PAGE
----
State budget cuts threaten educational opportunities

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By Marlenne Barajas / Staff Writer

By Marlenne Barajas / Staff Writer

The education system continues to be the first affected by global economic crises as it endures budget cuts over $2 billion toward higher education.

This just doesn’t seem right. One of the state’s top priorities should be to maintain a steady cycle of education and to provide economic support and services for scholars who desire to further their education.

The on-going economic crisis has 48 out of 50 states in the U.S. facing budget deficits of over $144 billion.

As the eighth largest economy in the world, California faces a budget deficit of $26 billion, triggering budget cuts of $400 million to California’s Community Colleges.

Riverside Community College District alone received about $40 million budget cuts for 2011.

Consequently, extreme reductions from the lack of funds provided colleges with no other alternatives but to increase the fees attached per unit in its college systems while also raising the tuition that is currently preventing incoming students from attending UC and Cal State Universities.

Yet, even after raising their fees, colleges throughout California must also make ends meet by canceling classes and eliminating support programs and services such as counseling and tutoring.

They have also reduced library time, which has been proven to be crucial to students who are unable to access information anywhere else.

Money shortages have caused not only teachers and professors to lose their jobs, but custodians, landscape crews, maintenance positions and secretaries as well.

In the end, this only further increases the unemployment rate in the state.

Not only does California suffer from inappropriate staffing numbers in comparison to the student population, but a scarce number of differentiation in the availability of classes result in much larger class sizes.

Students are unable to enroll in their desired classes or courses that they are required to take depending on their major due to the cuts made to higher education.

For example, the English Department at Riverside City College was originally going to be unavailable during this upcoming winter semester.

Fortunately enough, after a few weeks of debating the issue, permission was finally granted to open a few English courses in the winter.

In addition, many students are incapable of enrolling into twelve total units, the amount needed to qualify to receive financial aid from the federal government.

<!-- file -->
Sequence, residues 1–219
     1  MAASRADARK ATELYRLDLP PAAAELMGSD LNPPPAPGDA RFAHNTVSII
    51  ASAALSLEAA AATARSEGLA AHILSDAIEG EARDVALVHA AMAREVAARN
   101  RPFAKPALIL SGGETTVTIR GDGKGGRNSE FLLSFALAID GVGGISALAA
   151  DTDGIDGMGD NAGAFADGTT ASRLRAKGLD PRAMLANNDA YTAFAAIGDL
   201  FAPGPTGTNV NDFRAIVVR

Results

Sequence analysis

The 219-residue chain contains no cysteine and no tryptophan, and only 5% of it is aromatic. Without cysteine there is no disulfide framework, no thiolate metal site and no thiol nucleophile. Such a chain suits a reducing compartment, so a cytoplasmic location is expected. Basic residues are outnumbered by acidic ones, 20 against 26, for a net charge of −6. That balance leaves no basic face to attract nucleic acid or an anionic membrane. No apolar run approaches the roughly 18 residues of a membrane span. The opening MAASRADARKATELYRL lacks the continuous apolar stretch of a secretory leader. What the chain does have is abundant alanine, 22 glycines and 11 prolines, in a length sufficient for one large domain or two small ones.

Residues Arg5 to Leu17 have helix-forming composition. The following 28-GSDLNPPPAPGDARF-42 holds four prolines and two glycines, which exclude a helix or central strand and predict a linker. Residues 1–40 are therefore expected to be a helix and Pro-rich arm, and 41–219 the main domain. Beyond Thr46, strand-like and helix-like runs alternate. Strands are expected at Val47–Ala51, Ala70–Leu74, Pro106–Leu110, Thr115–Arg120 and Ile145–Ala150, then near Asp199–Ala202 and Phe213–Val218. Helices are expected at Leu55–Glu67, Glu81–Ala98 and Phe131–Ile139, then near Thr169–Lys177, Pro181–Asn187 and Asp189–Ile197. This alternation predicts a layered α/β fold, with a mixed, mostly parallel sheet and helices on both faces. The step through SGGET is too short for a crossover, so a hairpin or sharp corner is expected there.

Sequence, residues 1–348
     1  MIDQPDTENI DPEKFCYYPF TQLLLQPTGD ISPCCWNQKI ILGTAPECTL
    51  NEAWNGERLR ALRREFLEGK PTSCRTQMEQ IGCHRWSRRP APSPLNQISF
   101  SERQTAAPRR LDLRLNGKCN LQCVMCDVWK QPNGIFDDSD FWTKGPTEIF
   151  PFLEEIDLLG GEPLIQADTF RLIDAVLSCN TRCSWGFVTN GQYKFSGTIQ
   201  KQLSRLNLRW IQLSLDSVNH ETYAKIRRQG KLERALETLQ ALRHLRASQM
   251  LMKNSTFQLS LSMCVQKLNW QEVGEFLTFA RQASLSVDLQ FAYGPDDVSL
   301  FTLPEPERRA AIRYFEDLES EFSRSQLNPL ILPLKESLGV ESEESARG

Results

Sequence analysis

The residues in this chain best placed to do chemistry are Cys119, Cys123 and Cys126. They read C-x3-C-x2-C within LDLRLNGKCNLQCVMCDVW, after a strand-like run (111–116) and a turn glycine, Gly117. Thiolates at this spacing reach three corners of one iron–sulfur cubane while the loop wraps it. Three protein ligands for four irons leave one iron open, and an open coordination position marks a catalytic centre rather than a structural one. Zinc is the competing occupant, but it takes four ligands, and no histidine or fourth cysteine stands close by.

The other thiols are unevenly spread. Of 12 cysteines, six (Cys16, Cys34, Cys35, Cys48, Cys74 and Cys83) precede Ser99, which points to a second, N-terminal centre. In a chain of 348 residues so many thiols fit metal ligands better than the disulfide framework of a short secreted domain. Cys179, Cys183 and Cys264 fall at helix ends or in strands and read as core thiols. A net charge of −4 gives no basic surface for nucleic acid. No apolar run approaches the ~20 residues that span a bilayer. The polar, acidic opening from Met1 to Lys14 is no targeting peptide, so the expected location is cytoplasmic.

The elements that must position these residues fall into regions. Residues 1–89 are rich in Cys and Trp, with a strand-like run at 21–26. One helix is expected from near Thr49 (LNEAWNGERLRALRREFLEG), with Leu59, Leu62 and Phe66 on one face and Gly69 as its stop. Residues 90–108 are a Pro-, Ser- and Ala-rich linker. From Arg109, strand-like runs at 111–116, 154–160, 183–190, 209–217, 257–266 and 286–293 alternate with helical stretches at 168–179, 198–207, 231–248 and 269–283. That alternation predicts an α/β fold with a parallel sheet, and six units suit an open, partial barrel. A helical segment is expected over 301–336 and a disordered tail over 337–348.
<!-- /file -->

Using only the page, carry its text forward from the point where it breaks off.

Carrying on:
However, due to circumstances such as the unavailable spaces, classes or units, students are left with no other option but to drop out and wait for opportunities that later arise, if they do at all.  

At this point, students become powerless to continue furthering their education and therefore delaying their graduation date.

So, where has the nation’s wealth gone?

The United States wealth is distributed in the top one percent of Americans while 99 percent continue to suffer as they work day in and day out at their daily job just to barely support their family, yet alone pursue a higher education.

By raising taxes for the one perfect here in California by four percent a year would generate revenue totaling up to $20 billion a year, which should then be driven toward financing higher education where it is urgently required.

If budget cuts continue to increase, separation between economic classes will become more and more evident, as the wealthy will continue their education, and the middle and poor class receives no education limiting our nation’s ability to advance intellectually to exceed other countries.

We as a state must protest these budget cuts being made on these educational programs in California if we wish to see the continuation of success in our future.

Remember, this crossroad has two paths: the road where one can sit back and let everything get taken away from them without fighting for anything, and another in the opposite where we stand up and fight for our world, our interests, and our future.


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